5 things NOT to do when looking for a job while still employed
Everybody deserves to grow in their careers or get a better job with better pay, better benefits, and better opportunities for growth. As an employer myself, why would I keep my people from pursuing something better? But I would have a hard time supporting such an effort if this was done in a way that was indiscreet, unethical, and downright disrespectful. So, allow me to share 5 things NOT to do when looking for a new job while you’re still employed.
Do not job hunt during office hours. Please do not do this. When you accepted the job offer and signed the contract with your current employer, you gave your working hours to them. It is simply unfair and unethical for you to use office or business hours to window-shop for a new job. It is very likely you will receive personal emails from the HR of your prospective employers during business hours, because that's when prospective employers will be at work after all, but please respond to it only during your break time. Use any break times you get during the day to make phone calls and respond to email. Remember, when you are at work, your current employer is paying you for your time.
Do not use the office phone, computer, and especially the email for your job search! Never use a company-issued telephone and computer to correspond with your prospective employer. Consider any equipment owned by your employer off-limits when it comes to your job searching and applications. Don't even use the company-issued email address! That is so wrong in every possible way. Not even through your office internet connection. In this digital age, there is a chance that your employer could be monitoring your communications in the workplace.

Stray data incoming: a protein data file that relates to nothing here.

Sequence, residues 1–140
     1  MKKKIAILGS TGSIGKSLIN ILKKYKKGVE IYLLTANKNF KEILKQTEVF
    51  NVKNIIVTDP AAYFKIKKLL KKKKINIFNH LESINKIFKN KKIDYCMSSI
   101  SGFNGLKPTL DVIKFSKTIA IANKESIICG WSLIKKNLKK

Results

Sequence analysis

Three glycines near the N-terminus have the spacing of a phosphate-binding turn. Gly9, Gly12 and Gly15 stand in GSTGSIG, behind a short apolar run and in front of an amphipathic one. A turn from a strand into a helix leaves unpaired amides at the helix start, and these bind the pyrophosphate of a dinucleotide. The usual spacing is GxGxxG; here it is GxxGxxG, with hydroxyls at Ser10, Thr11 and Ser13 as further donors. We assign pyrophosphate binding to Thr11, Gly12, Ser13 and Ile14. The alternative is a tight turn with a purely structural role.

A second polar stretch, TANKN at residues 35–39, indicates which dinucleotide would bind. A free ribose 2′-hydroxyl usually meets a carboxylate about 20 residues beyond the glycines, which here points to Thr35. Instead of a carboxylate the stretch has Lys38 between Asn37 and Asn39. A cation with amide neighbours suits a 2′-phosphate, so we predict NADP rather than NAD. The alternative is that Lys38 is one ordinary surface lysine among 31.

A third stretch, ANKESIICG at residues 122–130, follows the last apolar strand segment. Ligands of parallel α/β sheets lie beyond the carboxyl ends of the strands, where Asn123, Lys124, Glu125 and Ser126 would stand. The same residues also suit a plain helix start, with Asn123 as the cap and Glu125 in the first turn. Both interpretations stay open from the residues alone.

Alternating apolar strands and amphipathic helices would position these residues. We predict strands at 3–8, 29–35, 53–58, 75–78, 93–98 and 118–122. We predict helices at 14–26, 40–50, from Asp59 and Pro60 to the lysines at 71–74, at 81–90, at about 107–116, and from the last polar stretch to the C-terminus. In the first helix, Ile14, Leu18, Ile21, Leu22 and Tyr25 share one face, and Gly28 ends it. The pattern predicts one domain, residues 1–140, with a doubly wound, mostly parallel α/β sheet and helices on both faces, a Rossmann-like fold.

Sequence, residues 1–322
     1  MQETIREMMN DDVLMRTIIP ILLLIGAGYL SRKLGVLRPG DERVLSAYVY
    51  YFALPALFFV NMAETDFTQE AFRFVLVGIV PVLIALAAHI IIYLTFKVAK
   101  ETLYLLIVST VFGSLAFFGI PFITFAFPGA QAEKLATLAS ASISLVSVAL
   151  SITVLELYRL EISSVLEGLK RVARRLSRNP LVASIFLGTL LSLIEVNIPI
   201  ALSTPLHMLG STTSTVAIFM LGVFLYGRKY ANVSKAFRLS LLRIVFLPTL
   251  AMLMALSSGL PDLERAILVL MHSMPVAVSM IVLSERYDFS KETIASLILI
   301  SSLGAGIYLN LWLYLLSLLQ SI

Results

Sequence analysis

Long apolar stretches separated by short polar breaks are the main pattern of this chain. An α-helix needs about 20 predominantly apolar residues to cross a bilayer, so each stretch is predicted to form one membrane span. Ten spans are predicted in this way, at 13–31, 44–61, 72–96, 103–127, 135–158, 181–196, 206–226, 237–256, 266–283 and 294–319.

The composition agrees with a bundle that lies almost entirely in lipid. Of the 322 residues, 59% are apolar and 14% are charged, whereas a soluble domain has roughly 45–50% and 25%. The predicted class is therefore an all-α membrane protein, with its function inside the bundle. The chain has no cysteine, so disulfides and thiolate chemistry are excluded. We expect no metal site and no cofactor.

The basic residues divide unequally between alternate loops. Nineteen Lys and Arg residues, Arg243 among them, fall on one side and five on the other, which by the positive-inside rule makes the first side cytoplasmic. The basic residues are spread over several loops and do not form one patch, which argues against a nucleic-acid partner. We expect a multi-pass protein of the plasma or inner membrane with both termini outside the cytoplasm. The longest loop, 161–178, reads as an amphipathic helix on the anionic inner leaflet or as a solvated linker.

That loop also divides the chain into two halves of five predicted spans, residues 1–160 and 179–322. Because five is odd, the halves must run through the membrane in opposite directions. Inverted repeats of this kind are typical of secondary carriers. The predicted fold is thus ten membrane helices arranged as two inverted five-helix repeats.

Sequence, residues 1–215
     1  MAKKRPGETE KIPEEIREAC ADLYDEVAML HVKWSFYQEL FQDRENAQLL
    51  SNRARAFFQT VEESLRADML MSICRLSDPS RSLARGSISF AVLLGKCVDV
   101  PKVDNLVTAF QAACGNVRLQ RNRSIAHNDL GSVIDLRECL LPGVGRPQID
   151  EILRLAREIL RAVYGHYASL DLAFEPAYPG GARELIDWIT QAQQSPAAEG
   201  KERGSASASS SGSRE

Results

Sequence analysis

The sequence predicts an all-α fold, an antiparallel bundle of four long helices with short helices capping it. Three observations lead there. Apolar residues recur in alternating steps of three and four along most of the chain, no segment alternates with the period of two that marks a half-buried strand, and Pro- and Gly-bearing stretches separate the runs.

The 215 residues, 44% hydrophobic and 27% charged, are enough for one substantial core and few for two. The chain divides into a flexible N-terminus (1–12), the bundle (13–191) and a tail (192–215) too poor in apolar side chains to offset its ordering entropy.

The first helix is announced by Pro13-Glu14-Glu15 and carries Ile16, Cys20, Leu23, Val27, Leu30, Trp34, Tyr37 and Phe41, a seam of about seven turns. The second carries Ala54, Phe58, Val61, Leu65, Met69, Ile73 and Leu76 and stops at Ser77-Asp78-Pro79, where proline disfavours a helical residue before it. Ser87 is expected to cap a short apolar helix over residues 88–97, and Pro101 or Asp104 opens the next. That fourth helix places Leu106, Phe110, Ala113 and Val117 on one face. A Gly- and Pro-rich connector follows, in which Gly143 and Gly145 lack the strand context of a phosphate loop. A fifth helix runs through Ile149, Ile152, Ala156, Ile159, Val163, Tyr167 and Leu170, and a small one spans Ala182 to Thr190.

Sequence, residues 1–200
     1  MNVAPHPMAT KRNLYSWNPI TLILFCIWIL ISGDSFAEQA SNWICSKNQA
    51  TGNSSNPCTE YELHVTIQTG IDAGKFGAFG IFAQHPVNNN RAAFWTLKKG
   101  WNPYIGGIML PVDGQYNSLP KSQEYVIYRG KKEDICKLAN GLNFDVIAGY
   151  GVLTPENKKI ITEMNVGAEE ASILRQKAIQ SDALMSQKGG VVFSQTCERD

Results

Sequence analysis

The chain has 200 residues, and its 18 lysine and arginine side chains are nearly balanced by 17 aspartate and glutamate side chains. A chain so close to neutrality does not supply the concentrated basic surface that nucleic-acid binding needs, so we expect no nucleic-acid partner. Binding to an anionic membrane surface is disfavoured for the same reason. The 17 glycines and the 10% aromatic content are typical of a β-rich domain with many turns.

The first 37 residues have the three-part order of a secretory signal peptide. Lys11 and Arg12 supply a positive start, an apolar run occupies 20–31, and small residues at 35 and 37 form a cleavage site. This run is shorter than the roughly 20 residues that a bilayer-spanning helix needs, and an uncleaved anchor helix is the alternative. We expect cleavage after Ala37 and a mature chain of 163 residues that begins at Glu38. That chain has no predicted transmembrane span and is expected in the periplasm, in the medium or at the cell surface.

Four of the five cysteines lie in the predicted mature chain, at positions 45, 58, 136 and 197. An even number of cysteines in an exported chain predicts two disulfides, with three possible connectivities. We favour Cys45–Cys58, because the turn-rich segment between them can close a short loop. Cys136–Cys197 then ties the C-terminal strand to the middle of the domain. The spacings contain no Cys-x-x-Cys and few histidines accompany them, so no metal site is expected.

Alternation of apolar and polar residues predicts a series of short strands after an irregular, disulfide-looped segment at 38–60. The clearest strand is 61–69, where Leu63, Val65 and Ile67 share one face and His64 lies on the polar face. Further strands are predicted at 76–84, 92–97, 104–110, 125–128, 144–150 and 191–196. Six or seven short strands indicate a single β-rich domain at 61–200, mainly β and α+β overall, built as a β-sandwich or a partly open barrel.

If you have to conduct any business related to your job search while you are at work, use your own personal mobile phone and connect with your own data plan. In sending emails, use your personal account. Or, as most are doing, coordinate via LinkedIn. Never give your current work email address to communicate with prospective employers.
Do all calls related to your job search or coordination with your prospective employer away from your employer's premises. Even though you are using your own cell phone and data plan, someone could be eavesdropping on you the old-fashioned way – by merely listening. Conference or break rooms may seem like private places, but you never know who will walk in on you. My suggestion is to go outside or take a walk to a nearby coffee shop on your break time or after office hours.
Do not schedule a job interview during work hours. As much as possible, schedule job interviews before or after work or during lunchtime. Most employers are already sensitive to employed job seekers anyway and would be willing to accommodate lunch time and after office interviews.